I have read Under the Greenwood Tree, Far from the Madding Crowd, and The Mayor of Casterbridge. I prefer novels with happy endings, which Thomas Hardy is not known for, so I have avoided the more depressing of his stories. However, Under the Greenwood Tree, in particular, is a delightful story which I’d been hoping to find a copy of for some time. I had not heard of The Trumpet Major before, but it sounds interesting. It is Thomas Hardy’s only historical novel and has been noted for its historical accuracy. Like Far from the Madding Crowd, it has a heroine pursued by three suitors and, in the words of the Wikipedia article, “the ending is not entirely tragic”.

The set is beautiful. It was published by The Folio Society (London, 1991). Each book is a different color, hardbound, and with wood engravings by Peter Reddick. The tops of the pages even match the colors of the covers. It will look very handsome on a shelf — just as such a set ought to. And, as a final advantage, because it was a set, I got it for half price.

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For the rest, I got a book of Leonardo da Vinci’s sketches, one of Queen Victoria’s sketches, and a book of paintings by Norman Rockwell. In the children’s section, I picked up prettily illustrated copies of Rumpelstiltskin, Further Adventures of Brer Rabbit, and The Story of Noah and the Ark, from the King James Bible. Finally, I managed to purchase a duplicate of The Age of Innocence, forgetting that I already had a copy. I remembered as soon as I got home. My new copy, however, is handsomely bound and a hardcover.

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Daniel Deronda: Revelations

This book starts out with some much needed explanation of why Daniel was willing to listen to Mordecai. Daniel is “dissatisfied with his neutral life” and wants a special duty or purpose. Into this vacuum comes Mordecai’s ardour and certainty. And then, there must be many people with ideas, “on the look-out for the man who must hear him”, immovable in the face of indifference or incredulity — “like Copernicus and Galileo”. In order to avoid rejecting good, “nothing will do but a capacity to understand the subject-matter on which the immovable man is convinced”. “[W]e are the beginning of the ages” which shall “try the spirits, and see what they are worth”. This line of thinking keeps Daniel from a “contemptuous prejudgment of Mordecai”, in addition to his natural sympathy with suffering and readiness to acknowledge any claim on himself. His contempt for “those who were deaf to Columbus” compels him “to see that I don’t adopt their mistake on a small scale”. On the other hand, Daniel does not want “his course determined by mere contagion, without consent of reason” (ch. 41).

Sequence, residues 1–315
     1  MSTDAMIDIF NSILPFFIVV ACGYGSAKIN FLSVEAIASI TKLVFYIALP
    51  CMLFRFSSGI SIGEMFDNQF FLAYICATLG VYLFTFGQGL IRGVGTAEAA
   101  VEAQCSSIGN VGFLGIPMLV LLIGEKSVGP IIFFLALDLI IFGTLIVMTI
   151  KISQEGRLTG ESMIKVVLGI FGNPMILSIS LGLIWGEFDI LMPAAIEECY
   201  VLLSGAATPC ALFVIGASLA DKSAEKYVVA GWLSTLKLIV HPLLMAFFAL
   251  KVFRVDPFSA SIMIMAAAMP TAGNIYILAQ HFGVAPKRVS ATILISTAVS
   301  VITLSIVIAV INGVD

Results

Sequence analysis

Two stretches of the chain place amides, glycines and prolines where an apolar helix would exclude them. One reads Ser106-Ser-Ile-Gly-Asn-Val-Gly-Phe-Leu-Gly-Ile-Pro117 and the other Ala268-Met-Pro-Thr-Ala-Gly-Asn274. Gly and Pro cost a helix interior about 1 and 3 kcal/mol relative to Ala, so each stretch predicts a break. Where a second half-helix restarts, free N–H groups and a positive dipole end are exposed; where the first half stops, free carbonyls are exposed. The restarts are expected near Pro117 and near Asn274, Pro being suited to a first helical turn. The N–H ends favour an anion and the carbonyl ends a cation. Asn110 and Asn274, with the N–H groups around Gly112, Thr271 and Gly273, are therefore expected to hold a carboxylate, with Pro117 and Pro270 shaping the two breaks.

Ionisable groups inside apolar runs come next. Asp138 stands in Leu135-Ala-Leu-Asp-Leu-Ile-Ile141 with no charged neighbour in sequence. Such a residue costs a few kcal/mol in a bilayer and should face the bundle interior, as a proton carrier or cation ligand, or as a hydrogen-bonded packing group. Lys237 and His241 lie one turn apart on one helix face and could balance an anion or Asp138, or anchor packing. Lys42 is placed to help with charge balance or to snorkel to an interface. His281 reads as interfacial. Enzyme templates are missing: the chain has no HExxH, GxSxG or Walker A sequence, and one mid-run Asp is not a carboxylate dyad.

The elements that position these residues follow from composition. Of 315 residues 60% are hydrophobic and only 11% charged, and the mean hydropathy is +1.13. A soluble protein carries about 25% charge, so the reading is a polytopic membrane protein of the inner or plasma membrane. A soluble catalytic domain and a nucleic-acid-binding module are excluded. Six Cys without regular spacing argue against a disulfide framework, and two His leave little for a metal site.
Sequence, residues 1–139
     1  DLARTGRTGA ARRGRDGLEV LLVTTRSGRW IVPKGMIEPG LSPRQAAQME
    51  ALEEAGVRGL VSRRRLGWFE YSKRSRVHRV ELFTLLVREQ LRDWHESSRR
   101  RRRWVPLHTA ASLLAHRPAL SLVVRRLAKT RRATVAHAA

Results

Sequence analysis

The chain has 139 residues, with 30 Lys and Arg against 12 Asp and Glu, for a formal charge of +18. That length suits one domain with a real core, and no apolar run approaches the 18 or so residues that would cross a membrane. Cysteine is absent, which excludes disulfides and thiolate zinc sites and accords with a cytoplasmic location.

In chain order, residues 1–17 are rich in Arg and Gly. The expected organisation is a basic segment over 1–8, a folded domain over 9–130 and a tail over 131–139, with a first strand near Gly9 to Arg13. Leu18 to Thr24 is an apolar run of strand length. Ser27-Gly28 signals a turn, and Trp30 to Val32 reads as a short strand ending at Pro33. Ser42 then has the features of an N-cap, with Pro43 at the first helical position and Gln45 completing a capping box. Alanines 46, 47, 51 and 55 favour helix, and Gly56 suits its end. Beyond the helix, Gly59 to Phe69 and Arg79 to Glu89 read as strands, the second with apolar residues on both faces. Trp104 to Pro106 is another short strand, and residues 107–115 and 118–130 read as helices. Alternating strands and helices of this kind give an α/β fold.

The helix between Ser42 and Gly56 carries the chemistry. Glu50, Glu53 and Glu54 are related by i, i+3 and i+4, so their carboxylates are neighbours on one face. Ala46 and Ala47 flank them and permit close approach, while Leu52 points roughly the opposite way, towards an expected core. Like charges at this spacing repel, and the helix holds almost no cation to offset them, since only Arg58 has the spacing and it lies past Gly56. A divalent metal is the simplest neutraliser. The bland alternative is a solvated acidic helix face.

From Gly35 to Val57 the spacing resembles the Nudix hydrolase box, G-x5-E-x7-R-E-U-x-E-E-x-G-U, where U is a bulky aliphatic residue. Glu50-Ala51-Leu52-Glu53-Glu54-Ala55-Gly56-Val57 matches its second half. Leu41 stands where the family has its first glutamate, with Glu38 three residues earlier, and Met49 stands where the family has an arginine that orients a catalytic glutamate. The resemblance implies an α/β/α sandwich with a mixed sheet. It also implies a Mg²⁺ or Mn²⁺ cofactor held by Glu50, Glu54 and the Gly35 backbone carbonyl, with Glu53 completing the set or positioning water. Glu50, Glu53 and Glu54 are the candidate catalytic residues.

In this frame of mind, Daniel fulfills his promise to visit Mordecai. Together they go to a club of which Mordecai is a member. These people assume that Daniel is familiar with “Mordecai’s way of thinking” and Daniel is “all ear” for any “hints of Mordecai’s opinion”. And it is here that Mordecai finally gives an idea of just what his “vision” is, giving Daniel a clearer picture of what he could be getting into. Mordecai is a Zionist. He has grand ideas of the good having a Jewish nation will do, not only the Jews, but the whole world. He says, “[T]he world will gain as Israel gains. For there will be a community in the van of the East which carries the culture and the sympathies of every great nation in its bosom: there will be a land set for a halting-place of enmities, a neutral ground for the East as Belgium is for the West.” (ch. 42). Obviously, Mordecai’s vision has not been wholly fulfilled. While the State of Israel was established in 1948 (about 70 years after the publication of Daniel Deronda), the idea of it as “a halting-place of enmities” or “a neutral ground for the East” is almost ludicrous nowadays. Daniel is moved by Mordecai’s passion and promises him, “Everything I can in conscience do to make your life effective I will do” (ch. 43).